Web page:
“What is in a name? That which we call a rose, would smell as sweet by any other”, goes the line from Shakespeare’s Romeo and Juliet. There is quite a lot in a name, Juliet, especially if attaching the wrong terminology to a process is used to appropriate public funds – Rs. 800 crores, in fact. I am referring to the Maharashtra Government’s decision to invest in extending the ‘Shirpur model’ of groundwater recharge across the state. First, we need to understand the model, and to understand that, we need to know about the region in which it is set.
The Shirpur pattern is named after the taluka in Dhule District, Maharashtra in which it was first implemented. Over 80% of the state is underlain by basalt rocks which are impermeable in their pristine state. However weathering by wind and water means that the rock is permeable in several places. This permeability due to fracturing and crumbling of rock leads to infiltration of water, which further leads to recharge. The aquifer (water bearing layer of rock) lies within the layers of basalt. On the face of it, it appears that this impermeable layer should prevent any recharge whatsoever. However, recharge of the underlying layercan and does happen thanks to weathering and fractures in the rock as explained above. Lowering groundwater levels are not just a consequence of reduced recharge, but also due to the large-scale pumping of groundwater from different parts of the aquifer.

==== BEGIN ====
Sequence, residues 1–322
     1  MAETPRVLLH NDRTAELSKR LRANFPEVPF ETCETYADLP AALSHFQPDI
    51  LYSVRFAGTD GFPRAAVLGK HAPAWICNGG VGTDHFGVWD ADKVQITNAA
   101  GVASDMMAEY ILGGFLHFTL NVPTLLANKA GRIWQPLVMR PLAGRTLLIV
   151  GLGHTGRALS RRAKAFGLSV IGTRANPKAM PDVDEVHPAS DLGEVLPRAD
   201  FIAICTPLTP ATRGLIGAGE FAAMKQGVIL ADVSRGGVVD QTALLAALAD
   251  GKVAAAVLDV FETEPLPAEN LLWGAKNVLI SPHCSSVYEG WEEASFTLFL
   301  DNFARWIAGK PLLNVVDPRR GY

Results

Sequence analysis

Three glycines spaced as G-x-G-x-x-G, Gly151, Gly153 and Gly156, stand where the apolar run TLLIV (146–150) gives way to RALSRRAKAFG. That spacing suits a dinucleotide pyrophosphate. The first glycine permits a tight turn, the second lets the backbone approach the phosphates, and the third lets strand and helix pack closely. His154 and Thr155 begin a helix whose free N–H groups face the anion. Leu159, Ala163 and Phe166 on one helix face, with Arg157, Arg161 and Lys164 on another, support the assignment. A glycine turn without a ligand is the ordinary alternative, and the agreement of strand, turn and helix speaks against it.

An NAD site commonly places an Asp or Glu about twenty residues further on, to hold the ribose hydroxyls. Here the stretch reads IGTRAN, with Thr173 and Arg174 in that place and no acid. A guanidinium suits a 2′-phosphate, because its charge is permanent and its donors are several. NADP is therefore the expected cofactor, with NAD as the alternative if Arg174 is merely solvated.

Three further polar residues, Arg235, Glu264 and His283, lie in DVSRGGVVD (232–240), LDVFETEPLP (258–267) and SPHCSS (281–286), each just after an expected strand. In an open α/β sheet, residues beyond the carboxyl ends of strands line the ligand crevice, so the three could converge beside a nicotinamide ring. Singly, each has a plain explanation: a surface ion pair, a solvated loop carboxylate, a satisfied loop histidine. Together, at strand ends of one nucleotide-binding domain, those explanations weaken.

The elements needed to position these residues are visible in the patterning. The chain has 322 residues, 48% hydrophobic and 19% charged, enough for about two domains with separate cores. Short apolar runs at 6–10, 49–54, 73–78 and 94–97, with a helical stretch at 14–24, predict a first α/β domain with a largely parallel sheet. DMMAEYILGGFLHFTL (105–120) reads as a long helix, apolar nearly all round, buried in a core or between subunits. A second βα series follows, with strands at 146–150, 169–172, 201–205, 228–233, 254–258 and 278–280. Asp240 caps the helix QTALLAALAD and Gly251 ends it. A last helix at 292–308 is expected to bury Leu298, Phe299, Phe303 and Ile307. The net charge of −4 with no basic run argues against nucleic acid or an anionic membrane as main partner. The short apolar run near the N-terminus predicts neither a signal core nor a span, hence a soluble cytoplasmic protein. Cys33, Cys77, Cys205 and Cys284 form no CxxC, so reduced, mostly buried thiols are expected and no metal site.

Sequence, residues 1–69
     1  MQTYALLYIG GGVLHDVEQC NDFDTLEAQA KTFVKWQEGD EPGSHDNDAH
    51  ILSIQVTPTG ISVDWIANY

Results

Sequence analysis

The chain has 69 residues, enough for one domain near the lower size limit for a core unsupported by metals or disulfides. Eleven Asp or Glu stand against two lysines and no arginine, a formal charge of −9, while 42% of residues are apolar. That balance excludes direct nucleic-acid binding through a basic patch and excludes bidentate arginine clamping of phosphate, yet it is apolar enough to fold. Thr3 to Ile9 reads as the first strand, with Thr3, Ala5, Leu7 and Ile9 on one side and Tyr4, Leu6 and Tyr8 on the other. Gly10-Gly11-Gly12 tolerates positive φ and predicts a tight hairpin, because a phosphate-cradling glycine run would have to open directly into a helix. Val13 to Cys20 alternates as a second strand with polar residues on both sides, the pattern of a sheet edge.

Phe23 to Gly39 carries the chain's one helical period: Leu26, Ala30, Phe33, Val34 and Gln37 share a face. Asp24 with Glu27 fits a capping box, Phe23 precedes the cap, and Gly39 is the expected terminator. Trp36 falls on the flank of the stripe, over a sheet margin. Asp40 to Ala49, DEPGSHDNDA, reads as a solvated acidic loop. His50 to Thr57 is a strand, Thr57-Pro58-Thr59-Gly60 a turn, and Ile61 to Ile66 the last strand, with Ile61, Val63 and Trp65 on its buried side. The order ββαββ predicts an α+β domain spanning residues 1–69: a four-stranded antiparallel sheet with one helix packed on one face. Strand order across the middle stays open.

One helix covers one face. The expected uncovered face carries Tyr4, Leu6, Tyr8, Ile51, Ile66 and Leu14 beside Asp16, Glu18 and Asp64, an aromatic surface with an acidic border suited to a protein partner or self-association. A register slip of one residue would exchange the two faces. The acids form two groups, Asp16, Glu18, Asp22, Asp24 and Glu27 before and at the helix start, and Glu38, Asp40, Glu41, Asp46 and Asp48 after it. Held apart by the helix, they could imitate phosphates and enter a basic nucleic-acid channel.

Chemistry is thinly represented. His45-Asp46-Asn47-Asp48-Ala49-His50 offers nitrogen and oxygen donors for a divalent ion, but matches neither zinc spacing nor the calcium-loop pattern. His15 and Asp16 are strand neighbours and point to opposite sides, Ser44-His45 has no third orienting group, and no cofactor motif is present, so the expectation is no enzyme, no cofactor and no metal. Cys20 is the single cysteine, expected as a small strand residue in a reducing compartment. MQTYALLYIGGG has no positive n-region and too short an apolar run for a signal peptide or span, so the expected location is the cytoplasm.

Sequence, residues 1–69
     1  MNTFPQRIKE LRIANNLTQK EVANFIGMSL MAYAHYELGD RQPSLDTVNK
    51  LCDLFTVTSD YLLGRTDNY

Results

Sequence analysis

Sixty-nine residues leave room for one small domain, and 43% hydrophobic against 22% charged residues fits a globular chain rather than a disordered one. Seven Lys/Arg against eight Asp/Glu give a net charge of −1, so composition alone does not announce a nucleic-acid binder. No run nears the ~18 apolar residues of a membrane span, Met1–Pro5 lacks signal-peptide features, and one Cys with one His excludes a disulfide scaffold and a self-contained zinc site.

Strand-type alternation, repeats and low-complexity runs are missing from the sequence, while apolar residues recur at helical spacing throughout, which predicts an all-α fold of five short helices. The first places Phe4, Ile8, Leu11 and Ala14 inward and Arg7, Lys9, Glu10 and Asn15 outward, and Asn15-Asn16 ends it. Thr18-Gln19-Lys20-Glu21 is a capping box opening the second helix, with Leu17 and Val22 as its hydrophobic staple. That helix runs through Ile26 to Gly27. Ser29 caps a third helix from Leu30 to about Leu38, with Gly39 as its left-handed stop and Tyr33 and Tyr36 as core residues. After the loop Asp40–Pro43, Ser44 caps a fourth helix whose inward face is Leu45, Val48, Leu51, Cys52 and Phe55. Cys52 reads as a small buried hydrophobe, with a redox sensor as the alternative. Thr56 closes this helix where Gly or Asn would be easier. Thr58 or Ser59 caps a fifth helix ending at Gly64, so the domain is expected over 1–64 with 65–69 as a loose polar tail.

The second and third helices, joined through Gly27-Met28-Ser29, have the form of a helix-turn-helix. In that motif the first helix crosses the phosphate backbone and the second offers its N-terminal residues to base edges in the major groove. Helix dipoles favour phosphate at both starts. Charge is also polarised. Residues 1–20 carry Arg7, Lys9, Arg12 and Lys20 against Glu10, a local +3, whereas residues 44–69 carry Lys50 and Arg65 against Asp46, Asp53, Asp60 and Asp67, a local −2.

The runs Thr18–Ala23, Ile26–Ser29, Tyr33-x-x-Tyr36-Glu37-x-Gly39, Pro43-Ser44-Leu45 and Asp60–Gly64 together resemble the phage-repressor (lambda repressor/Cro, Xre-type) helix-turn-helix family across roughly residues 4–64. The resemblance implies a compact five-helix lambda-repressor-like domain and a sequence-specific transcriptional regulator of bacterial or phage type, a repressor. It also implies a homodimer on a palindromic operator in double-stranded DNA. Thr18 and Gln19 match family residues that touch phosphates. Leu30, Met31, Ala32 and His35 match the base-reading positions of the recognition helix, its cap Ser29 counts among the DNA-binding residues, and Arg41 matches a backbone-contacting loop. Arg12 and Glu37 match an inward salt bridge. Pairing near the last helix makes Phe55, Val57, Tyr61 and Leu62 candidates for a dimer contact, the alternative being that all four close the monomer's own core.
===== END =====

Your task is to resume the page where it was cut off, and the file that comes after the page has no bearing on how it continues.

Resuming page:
The Shirpur model
This model seeks to increase recharge by artificially creating excavations along stream channels. Streams are deepened from anywhere between 1 metre to 5 metres and sometimes even deeper, down to 10 metres. Stream channels are also widened and straightened. Excavators remove the sand and silt in the beds, while weathered and fractured rock is also excavated out. The proponents of this model liken it to angioplasty for groundwater but a cardiac arrest will be more to the point. Here’s why.
Problems with the model